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  Field Notes From
Tokyo Bay



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On Assignment
View Field Notes
From Author
Tracy Dahlby



On Assignment

View Field Notes
From Photographer

Michael Yamashita



In most cases these accounts are edited versions of a spoken interview. They have not been researched and may differ from the printed article.

Photographs by Michael Yamashita (top), and Ryoma Kashiwagi
 

On Assignment On Assignment On Assignment
Tokyo Bay

Field Notes From Photographer
Michael Yamashita
Best Worst Quirkiest

I had secured the helicopter pad on top of the Nikko Hotel in Odaiba, and got Godzilla, actor Kenpachiro Satsuma, to meet me there and suit up. I told him to do as Godzilla would do, so he started thrashing his tail around and running all over the place. We were having a great time, but I kept thinking that National Geographic would never use the photos I was taking because they weren’t serious enough. Turns out I was wrong. Godzilla ended up as the lead photograph in the magazine story.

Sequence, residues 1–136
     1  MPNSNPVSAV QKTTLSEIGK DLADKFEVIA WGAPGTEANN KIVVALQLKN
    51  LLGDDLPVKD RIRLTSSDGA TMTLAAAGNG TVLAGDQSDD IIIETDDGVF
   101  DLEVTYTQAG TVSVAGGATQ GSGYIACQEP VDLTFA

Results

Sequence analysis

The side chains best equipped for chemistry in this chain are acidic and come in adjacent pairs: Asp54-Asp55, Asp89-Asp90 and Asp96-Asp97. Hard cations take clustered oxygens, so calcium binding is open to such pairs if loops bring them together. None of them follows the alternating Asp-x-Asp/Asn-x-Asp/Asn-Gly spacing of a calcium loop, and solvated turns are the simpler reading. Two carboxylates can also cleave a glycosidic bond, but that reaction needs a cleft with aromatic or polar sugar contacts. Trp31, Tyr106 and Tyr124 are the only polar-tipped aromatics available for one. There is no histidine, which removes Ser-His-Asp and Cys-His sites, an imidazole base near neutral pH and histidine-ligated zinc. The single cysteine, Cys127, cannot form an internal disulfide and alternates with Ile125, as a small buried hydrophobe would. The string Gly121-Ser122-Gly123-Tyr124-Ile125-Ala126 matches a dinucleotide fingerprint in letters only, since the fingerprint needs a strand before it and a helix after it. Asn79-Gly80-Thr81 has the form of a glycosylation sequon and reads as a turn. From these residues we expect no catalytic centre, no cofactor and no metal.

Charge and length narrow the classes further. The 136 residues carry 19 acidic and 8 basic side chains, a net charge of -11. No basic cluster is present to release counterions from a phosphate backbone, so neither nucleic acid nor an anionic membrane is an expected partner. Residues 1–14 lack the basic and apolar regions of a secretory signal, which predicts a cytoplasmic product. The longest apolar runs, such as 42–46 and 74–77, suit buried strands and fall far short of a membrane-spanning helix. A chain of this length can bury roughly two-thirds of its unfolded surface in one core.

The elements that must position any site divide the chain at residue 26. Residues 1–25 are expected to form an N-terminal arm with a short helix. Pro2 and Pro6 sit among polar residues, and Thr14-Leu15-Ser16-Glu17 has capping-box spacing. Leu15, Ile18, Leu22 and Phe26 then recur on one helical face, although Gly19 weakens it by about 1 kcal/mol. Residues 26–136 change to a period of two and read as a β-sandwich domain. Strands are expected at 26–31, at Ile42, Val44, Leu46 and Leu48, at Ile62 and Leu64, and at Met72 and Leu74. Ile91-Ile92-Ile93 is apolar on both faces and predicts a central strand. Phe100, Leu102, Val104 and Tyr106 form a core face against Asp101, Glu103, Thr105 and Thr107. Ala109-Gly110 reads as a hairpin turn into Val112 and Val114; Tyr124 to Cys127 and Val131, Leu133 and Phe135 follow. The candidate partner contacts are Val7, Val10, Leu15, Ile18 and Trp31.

Homelessness has been a huge problem in Tokyo since Japan’s over inflated, bubble economy burst in the 1990s. So I spent time down on a strip along Tokyo Bay getting to know some of the homeless people who live there in cardboard shelters and wooden crates.
On one occasion I witnessed “eviction day.” Once a month the city government sends its sanitation workers down to sweep out the makeshift shelters. This means that hundreds of people have to wake up early, move their futons and cooking equipment, and wait until the workers are done demolishing their homes. Then they go back down and rebuild. I watched all of this in amazement. I couldn’t believe that these people, some of whom have lived there for more than ten years, have to cope not only with being homeless, but also with this bureaucratic routine that takes up an entire day, every month.



The 1980s was a time when Japan went berserk on entertainment because suddenly everyone had cash and free time. Lots of attractions were built, but now many of those projects are failing. So I decided to photograph a wave pool called Wild Blue Yokohama, which would soon be torn down and replaced with new construction. I wasn’t prepared for the scale of it. It was raining the day I went but when I walked through the doors, suddenly it was warm, bright, and the water was aqua blue. Then the wave machine started up and perfect six-foot (two-meter) waves rolled in with boogie boarders and surfers. It was the most amazing, and strange, thing to see in an indoor setting.





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